It’s easy to click our tongues, to decry our “perverse” generation, and to write off whole groups of people and positions as just wrong or disconnected from reality. But, I think a much more charitable, compassionate, and, frankly, Christian approach is to understand how we got to this place, so as to be transformed ourselves, and to be people of transformation. This shift happened for a reason, and there are specific historic, philosophical, and culturally-defined ways we think of ourselves, of happiness, and the meaning of life, as a culture that have very little to do with sex, but that have implications on why our cultural views of sex and gender changed. And, persuasion is not the solution, but transformation- seeing life through the lens of the Holy Spirit.
There are no easy answers to how we got here; it is a series of historical and philosophical shifts that occurred over centuries, but came to fruition recently. From the days of the Enlightenment to the present, the concept of self, who I am and how I see myself and the world around me, has shifted in the western world from being largely externally-referenced to self-referenced. Here’s what I mean. Our ancestors believed, and Scripture supports, the idea that our sense of self, of who we are, is defined externally, by a God who created us and whose image we bear. They, and those of us who still see through that scriptural lens, believe that our being is in Him, and we know what we know because He has shown it to us. According to this perspective, I am who my creator says I am, and my happiness and contentment is found in seeking out how and why He created me, according to His plan and purpose. If I discover that, and learn to live it out, this perspective goes, I will live according to the way God intended me to live consistent with my actual being, and I will find joy and contentment.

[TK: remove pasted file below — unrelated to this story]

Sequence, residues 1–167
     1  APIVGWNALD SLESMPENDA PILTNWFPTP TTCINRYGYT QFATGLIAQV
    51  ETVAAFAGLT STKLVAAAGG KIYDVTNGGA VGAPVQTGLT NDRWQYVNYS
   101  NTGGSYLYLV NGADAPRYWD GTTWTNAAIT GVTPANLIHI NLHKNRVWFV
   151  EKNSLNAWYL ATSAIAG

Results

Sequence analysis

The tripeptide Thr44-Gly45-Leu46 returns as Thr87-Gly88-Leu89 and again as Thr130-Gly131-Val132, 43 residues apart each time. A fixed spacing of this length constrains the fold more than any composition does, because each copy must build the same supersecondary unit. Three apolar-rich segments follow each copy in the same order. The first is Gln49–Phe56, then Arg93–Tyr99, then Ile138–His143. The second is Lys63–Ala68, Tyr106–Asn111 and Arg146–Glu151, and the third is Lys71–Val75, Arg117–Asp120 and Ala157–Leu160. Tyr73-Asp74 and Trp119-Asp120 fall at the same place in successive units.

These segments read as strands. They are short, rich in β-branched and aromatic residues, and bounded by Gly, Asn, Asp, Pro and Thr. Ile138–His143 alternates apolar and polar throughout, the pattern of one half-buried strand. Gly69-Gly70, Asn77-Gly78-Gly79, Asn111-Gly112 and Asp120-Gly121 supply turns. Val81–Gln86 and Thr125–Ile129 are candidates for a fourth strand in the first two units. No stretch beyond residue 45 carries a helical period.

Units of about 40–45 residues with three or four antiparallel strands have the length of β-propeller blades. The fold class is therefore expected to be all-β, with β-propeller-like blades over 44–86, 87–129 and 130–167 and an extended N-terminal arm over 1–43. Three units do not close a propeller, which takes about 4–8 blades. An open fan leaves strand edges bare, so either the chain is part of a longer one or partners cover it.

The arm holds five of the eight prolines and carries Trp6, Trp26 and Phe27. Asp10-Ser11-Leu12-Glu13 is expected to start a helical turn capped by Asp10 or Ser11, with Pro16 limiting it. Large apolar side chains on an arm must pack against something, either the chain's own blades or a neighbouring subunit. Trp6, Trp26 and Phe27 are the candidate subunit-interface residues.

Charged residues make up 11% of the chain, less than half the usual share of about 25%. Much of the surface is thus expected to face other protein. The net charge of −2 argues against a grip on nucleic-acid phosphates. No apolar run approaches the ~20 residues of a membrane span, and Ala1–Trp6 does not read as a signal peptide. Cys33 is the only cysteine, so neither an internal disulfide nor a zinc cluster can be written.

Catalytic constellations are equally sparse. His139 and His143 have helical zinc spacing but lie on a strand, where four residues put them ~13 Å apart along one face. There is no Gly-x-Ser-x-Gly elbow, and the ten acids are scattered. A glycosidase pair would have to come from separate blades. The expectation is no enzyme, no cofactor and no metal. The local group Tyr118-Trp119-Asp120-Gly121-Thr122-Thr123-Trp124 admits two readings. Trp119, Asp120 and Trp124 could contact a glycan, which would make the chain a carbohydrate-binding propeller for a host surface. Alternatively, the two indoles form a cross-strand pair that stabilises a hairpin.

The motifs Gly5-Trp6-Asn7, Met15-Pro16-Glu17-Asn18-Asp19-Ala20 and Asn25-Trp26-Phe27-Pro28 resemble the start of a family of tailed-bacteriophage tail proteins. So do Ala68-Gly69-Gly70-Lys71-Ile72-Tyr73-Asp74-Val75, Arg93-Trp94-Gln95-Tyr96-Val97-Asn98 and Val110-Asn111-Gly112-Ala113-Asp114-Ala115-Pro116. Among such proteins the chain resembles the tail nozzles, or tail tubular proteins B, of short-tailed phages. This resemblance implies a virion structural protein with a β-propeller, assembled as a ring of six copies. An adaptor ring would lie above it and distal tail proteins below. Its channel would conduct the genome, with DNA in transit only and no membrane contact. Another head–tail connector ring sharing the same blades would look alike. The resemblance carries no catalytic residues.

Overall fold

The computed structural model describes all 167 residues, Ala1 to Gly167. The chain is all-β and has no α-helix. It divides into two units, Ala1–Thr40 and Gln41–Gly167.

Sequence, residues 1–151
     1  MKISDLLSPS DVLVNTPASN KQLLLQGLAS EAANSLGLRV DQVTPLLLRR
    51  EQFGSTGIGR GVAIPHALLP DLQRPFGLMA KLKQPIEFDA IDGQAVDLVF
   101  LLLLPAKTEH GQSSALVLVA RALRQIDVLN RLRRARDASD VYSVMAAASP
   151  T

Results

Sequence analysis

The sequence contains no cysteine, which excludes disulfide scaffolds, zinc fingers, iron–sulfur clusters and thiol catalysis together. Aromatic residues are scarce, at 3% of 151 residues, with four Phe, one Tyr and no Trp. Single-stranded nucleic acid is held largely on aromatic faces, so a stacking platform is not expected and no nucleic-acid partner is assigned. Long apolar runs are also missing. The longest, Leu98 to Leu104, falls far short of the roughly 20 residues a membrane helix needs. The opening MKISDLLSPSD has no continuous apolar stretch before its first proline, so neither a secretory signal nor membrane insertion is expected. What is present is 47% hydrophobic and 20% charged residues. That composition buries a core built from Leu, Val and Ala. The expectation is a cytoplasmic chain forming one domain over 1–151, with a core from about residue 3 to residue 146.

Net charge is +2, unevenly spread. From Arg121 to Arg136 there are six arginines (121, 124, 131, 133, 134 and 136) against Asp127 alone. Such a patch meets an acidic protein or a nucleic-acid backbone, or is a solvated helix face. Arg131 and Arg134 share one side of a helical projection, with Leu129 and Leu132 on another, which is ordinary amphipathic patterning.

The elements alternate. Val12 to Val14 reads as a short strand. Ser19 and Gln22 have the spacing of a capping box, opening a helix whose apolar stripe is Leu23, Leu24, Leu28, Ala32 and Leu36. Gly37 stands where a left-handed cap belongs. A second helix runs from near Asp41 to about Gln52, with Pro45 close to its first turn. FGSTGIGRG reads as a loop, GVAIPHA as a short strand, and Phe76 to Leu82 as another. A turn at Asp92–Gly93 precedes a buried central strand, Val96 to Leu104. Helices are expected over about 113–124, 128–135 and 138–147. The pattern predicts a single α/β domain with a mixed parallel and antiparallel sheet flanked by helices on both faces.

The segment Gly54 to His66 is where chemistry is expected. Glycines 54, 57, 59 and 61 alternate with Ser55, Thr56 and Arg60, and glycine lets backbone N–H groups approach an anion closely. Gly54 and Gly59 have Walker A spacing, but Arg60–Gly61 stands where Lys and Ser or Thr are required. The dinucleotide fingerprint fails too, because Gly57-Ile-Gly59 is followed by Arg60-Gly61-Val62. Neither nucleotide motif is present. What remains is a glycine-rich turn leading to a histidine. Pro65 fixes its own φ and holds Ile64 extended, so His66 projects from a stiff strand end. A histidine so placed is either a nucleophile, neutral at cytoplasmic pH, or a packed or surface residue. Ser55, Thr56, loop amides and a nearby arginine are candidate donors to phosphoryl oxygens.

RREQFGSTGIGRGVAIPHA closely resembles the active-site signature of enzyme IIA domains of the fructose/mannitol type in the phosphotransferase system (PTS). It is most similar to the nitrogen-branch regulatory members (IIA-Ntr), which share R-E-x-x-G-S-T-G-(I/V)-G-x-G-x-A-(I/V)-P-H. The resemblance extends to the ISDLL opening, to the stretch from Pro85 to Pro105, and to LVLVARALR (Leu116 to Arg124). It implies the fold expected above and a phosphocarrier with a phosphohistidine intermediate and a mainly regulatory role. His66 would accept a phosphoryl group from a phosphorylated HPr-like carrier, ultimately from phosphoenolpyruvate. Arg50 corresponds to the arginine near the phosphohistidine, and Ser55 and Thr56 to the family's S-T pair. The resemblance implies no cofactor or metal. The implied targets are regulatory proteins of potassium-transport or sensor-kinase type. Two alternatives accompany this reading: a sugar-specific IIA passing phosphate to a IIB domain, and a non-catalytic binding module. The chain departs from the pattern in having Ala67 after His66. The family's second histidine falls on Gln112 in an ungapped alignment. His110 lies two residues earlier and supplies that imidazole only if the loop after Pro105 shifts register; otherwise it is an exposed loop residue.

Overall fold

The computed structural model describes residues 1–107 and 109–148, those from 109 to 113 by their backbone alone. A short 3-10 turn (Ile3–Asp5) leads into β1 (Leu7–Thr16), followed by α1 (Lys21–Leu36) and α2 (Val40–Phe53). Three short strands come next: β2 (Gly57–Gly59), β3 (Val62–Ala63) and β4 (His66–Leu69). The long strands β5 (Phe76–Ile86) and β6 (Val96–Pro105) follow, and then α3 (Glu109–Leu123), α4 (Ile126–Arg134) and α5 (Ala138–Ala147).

This is not the operating system of the modern, or the postmodern world. Beginning with Descartes in the 17th century, trying to capture the essence of self and finding it within our ability to think and reason (“I think, therefore, I am”) westerners like us began defining ourselves through our thoughts, what we believed about ourselves. Immanuel Kant, probably the greatest of the modern western philosophers, took this idea further, and offered that our sense of meaning and understanding of the world around us is defined and discovered through our perception of these things through our senses and reason. Thus, we attach meaning to reality, and it’s difficult, if not impossible, to discern meaning apart from the meaning we attach. From these philosophical forefathers of the 17th and 18th centuries, through a whole bunch of others, to the present, what Canadian philosopher Charles Taylor calls our “social imaginary”- the subconscious, default way we perceive the world around us, our mental operating system, if you will- shifted toward becoming internally-referenced, defined by ourselves, our own perceptions, and not by God. We defined who we are by turning inward.